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Staff Publications

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    'Staff publications' is the digital repository of Wageningen University & Research

    'Staff publications' contains references to publications authored by Wageningen University staff from 1976 onward.

    Publications authored by the staff of the Research Institutes are available from 1995 onwards.

    Full text documents are added when available. The database is updated daily and currently holds about 240,000 items, of which 72,000 in open access.

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Record number 31234
Title On flowering and botanical seed production in potato (Solanum tuberosum L.)
Author(s) Almekinders, C.J.M.
Source Agricultural University. Promotor(en): P.C. Struik. - S.l. : Almekinders - ISBN 9789054854159 - 133
Department(s) Agronomy
Publication type Dissertation, externally prepared
Publication year 1995
Keyword(s) solanum tuberosum - aardappelen - zaden - sporen - plantenvermeerdering - voortplanting - solanum tuberosum - potatoes - seeds - spores - propagation - reproduction
Categories Potatoes

The use of true potato seed (TPS) as a propagule for potato tuber (Solanum tuberosum L.) production is a viable alternative to the use of seed tubers. For this technology to be successful, efficient production of high- quality botanical seed is crucial. The objectives of the research reported in this thesis were to define production practices that maximise quantity and quality of botanical seed produced, and to contribute to the understanding of above-ground development in potato.

The first part of the study describes experiments on seed production under field conditions in three contrasting agro-ecological zones in Peru. Seed production is described as a function of number of flowers produced, berry set and number of seeds produced per berry. Hundred-seed weight is used as seed-quality parameter. In the second part of the thesis, flower production is analysed as a function of inflorescence production, number of flower primordia initiated per inflorescence and flower primordia survival.

The results of the field experiments indicated that generally, later-produced inflorescences on a shoot or in a field, and later-produced flowers in an inflorescence have a lower berry set and produce fewer and smaller seeds per flower. The effect of the position of the flower in the inflorescence does not affect seed size in all cultivars. Hundred-seed weight of production from primary inflorescences was increased when later-produced inflorescences were not used for seed production, but this could not compensate for the reduction of seed yield. Increasing plant density reduced the number of inflorescences per shoot and the number of flowers per inflorescence. Flower production per m2 increased with plant density in two of the three cultivars used. Berry set, number of seeds per berry and 100-seed weight were reduced when comparing flowers at similar positions on the shoot. However, because increasing plant density shifted the flower production from later- to earlier- formed flowers, the effect on average berry set, number of seeds per berry and seed size of the total seed production was relatively small. The effect of plant density on seed production was largely determined by the effect on flower production. Artificial extension of the photoperiod and interruption of the night with incandescent light increased the flower production under warm tropical conditions. This effect was principally a result of an increased inflorescence production. Photoperiod treatments did not affect the seed production per flower.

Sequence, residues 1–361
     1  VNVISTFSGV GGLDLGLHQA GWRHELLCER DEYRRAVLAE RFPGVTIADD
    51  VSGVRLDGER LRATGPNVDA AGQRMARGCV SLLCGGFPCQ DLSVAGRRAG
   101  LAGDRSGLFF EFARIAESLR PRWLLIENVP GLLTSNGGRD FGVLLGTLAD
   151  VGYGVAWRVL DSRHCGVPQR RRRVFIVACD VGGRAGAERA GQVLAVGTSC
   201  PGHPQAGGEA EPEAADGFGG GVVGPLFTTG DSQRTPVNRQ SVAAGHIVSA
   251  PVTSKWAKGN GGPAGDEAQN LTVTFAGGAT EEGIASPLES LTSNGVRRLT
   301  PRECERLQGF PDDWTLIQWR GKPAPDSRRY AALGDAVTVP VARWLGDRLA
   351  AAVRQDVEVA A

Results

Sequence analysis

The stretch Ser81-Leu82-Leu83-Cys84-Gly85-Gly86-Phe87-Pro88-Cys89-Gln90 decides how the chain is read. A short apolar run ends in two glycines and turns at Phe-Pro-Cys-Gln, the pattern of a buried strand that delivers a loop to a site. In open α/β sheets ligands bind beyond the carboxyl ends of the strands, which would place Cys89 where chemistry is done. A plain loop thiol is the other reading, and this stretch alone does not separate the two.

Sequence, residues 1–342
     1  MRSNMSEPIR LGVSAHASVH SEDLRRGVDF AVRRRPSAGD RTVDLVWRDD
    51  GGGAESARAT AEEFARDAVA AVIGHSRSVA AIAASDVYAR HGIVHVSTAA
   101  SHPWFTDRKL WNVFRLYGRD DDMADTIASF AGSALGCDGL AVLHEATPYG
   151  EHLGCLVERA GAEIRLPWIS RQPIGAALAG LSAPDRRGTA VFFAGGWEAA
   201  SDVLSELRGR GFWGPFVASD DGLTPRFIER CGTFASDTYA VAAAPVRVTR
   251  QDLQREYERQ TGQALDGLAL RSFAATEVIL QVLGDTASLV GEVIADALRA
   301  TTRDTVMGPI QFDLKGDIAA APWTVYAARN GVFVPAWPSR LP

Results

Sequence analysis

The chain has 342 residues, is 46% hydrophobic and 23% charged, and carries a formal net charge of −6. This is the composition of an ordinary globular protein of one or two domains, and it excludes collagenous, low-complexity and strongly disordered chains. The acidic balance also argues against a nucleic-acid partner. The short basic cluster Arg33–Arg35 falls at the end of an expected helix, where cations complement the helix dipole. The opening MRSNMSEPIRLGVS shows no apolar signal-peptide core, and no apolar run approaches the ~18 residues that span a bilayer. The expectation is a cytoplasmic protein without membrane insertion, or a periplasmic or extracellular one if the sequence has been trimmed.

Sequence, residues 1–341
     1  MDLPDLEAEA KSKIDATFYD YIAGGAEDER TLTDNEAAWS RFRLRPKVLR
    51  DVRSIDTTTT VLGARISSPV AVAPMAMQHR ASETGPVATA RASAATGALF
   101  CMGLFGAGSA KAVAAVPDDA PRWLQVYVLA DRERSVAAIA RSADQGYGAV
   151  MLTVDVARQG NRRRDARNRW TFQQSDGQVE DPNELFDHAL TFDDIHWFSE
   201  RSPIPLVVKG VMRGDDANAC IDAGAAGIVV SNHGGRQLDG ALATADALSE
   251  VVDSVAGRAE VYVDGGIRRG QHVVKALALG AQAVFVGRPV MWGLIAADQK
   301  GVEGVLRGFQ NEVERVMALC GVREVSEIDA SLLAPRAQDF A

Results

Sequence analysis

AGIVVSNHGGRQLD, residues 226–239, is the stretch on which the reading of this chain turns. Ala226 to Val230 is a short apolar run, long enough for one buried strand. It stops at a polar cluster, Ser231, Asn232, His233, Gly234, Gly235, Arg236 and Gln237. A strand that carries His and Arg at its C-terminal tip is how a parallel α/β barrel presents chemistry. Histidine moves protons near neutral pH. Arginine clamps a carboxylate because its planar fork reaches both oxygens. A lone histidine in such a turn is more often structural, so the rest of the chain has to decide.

Experiments in controlled conditions showed that increasing photoperiod and temperature increased the production of inflorescence positions per shoot, number of flower primordia per inflorescence and flower primordia survival in the temperature range of 15-25 °C (24-h average). Shoot development and flowering in potato were quantified as functions of rates and durations of leaf and flower primordia initiation, and of stem production. Effects of increasing temperature and photoperiods on shoot development and flowering were a result of increasing thermal durations of stem production, and leaf and flower primordia production of individual stems. The effects on individual stems were, however, small compared to the effects on stem and inflorescence production.

Conclusions from the study for practical TPS production are that the last produced flowers in a field have a strongly reduced potential for seed production and that seed production can be best increased by increasing flower production through longer photoperiods and higher temperatures.

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